The End of Akrotiri

by Keene Short

“More images of children and adolescents have been found at Akrotiri than any other Aegean site. Many seem engaged in ritual activities, perhaps of initiation.” -Anne E. Chapin, “Frescoes” (Oxford Handbook of the Bronze Age Aegean).

All the characters in this story are dead. The setting, too, is dead. The plot, as far as we know died thousands of years ago. This story is untellable. Here’s how it starts:

The setting was a small settlement called Akrotiri on the island of Thera in the Aegean Sea. Minoans from Crete founded it. Think colonization on a small scale. Think transplanted Minoan culture (also dead) onto Thera (now Santorini) and five hundred years at least of creolization recorded in burials, frescoes, wall paintings, pottery, jewelry, abstract diffuse bull religion. Think Atlantis amid a constellation of Atlantises.

Familiar as the ghosts are, they speak very little. We can only hear them if we listen, and much of their story is lost in translation.

A pack of children migrated through the town. They ranged in age, some well into their teens before the duties of manhood and womanhood in the ancient world took hold of them. A herd of girls and boys gathered on the last day before the world ended to laugh, to explore. Barefoot, they padded their way down a dirt road between houses. Some of those houses survived. Some of the art they gazed at persists. A college of teenagers scurried beneath the cloud of five hundred years of Minoan cultivation. Adults around them fished, hunted, cooked, ate. They made art. They made fresco after fresco, and the children watched, or meandered away from the duties of emerging civilian consciousness. They congregated on the beach, away from the civilization’s inherited sighthood, the clay-borne mechanized observations of the powerful. Children must have resisted that observation. We know so little of this village buried in a noxious tonnage of pumice after a pre-eruption earthquake toppled a handful of households, after minerals took to the air and ended Akrotiri forever, spewing ash all the way to China, snapping fast into tree rings, deconstructing Europe’s climate, prophesying ruminations of doom in Egypt. One four-phased volcanic dance, and every child in Akrotiri stopped playing in what childhood there was to be had in the ancient world.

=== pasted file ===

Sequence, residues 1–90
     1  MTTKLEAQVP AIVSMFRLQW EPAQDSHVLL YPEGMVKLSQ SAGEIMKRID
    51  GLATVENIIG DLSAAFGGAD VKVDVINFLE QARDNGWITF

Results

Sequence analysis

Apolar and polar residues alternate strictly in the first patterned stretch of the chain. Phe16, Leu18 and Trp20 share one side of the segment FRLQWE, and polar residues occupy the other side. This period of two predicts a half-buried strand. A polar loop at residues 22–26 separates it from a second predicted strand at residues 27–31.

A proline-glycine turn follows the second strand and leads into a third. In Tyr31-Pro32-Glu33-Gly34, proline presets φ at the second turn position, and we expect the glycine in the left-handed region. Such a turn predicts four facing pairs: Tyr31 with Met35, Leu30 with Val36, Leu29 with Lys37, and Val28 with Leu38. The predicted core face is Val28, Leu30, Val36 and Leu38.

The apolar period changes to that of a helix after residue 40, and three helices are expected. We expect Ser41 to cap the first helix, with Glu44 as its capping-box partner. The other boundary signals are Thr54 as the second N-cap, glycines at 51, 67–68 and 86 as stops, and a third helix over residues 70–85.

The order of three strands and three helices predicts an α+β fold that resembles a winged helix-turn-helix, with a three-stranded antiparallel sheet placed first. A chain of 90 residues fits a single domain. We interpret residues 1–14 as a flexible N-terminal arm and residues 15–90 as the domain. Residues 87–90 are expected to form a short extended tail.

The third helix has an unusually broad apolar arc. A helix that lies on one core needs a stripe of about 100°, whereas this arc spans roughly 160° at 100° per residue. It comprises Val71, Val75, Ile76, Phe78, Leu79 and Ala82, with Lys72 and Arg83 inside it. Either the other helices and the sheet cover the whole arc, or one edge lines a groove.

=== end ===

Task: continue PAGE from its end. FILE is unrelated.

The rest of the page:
Minoan depiction of the Ringed Islands of Thera, restoration.

What did a crush look like in Greece in the 1600s BCE? What did it mean to turn to somebody as the mountain deity exhausted internal planetary combustion over the only world you’ve known and want to hold that stranger’s hand as oblivion expanded like lungs above you?

Surely, as the volcano erupted, there must have been a kiss. The gods, in their betrayal, could not take even that much away from the Minoans. The anatomical precision in their frescoes says it all. They observed the body. They honored the body. The body, in the quaking calamity of a volcanic eruption, must have been the only safe haven in those few remaining moments as lightning formed in the ash clouds.

Surely the pack of Akrotiri’s youth could not have died in absolute misery, not when they could sew each other together into a single togetherness. Some of the older among them, dashing away to the water, must have wanted to kiss before hell collapsed onto them. Or maybe they hid out in the houses, beneath the frescoes of their ancestors. Somewhere in the village, an infant was crying. Somewhere in the settlement, an argument between two bronze merchants was cut short, and two bearded men shook hands, looked each other in the eye before panicking, and made up. That way, they both knew, they could panic in the company of a friend.